I’ve never worked a day in my life. I’ve never worked a day in my life.
The joy of writing has propelled me from day to day and year to year. I
want you to envy me, my joy. Get out of here tonight and say: ‘Am I
being joyful?’ And if you’ve got a writer’s block, you can cure it this
evening by stopping whatever you’re writing and doing something
else. You picked the wrong subject.” — Ray Bradbury

“What I try to do is write. I may write for two weeks ‘the cat sat on the
mat, that is that, not a rat.’ And it might be just the most boring and
awful stuff. But I try. When I’m writing, I write. And then it’s as if the
muse is convinced that I’m serious and says, ‘Okay. Okay. I’ll come.’” —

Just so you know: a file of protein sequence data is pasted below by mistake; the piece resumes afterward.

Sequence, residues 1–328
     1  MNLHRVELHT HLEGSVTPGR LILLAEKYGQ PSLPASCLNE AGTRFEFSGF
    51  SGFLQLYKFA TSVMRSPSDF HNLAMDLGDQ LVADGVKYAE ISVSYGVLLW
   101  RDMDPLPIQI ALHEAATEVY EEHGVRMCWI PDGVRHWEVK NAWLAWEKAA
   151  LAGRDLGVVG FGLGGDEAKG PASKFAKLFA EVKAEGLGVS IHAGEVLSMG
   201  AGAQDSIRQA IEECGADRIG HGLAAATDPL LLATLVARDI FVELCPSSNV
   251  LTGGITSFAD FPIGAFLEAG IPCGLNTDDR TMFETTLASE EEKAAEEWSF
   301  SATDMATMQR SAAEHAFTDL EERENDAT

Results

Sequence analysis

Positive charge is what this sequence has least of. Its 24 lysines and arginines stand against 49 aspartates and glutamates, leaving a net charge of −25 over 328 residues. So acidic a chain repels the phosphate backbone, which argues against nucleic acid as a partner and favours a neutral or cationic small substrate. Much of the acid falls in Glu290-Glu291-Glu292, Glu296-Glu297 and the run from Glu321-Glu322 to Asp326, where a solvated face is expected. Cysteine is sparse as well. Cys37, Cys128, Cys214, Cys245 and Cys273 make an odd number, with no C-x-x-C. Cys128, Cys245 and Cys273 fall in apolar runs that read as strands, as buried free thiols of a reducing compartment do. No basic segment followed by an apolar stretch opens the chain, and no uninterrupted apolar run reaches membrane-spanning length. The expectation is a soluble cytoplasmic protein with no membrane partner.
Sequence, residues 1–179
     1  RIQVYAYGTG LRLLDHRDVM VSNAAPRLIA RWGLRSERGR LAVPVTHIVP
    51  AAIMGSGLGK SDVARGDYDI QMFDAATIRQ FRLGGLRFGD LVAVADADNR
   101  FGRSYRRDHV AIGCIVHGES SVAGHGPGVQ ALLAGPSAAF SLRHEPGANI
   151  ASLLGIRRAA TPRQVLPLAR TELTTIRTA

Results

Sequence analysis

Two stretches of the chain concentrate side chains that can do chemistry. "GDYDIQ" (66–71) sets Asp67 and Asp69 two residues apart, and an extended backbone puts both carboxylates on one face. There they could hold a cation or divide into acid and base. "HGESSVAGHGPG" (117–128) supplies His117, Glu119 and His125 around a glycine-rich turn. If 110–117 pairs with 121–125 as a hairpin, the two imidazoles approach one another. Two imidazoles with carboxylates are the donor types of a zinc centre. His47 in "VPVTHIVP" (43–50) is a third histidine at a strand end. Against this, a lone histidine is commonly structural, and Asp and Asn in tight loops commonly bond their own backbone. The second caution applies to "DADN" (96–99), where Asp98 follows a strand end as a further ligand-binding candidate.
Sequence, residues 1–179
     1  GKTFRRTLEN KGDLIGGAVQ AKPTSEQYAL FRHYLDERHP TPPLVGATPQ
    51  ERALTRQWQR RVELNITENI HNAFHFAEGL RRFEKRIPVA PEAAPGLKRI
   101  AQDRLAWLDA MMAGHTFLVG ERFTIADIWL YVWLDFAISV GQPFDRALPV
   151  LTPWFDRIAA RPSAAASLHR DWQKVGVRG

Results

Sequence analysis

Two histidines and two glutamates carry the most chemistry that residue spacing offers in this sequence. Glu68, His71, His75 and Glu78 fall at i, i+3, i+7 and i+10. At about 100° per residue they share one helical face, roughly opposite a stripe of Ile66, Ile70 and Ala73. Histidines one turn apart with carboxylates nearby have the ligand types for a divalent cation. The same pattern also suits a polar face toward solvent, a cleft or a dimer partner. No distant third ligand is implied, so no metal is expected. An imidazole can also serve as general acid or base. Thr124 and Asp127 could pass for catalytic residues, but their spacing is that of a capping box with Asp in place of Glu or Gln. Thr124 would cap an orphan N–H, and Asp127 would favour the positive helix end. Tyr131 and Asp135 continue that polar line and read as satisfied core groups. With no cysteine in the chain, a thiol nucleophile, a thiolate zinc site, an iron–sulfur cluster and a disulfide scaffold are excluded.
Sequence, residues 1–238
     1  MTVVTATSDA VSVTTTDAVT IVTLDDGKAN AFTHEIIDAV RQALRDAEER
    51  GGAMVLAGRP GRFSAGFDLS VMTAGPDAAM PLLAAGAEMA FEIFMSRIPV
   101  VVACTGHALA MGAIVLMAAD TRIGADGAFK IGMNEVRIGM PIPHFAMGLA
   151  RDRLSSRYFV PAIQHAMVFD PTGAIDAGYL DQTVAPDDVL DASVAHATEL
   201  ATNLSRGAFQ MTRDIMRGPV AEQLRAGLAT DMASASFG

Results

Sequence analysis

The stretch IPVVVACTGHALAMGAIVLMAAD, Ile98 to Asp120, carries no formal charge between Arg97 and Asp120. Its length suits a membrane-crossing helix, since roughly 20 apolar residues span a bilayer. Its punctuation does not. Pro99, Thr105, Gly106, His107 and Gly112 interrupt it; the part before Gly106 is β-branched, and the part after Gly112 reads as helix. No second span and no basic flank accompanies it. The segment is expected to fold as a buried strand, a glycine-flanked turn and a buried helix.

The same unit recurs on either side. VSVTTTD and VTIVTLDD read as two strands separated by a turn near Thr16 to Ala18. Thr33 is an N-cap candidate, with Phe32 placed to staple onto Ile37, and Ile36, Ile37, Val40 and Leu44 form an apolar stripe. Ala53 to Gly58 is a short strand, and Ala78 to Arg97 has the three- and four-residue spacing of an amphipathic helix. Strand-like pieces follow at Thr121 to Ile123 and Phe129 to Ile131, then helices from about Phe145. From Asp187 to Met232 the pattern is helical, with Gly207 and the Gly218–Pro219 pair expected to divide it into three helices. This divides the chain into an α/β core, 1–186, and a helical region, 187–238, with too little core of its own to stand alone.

Maya Angelou

“The best way is always to stop when you are going good and when
you know what will happen next. If you do that every day … you will
never be stuck. Always stop while you are going good and don’t think
about it or worry about it until you start to write the next day. That
way your subconscious will work on it all the time. But if you think
about it consciously or worry about it you will kill it and your brain
will be tired before you start.” — Ernest Hemingway

“Suggestions? Put it aside for a few days, or longer, do other things, try
not to think about it. Then sit down and read it (printouts are best I
find, but that’s just me) as if you’ve never seen it before. Start at the
beginning. Scribble on the manuscript as you go if you see anything
you want to change. And often, when you get to the end you’ll be both
enthusiastic about it and know what the next few words are. And you
do it all one word at a time.” —  Neil Gaiman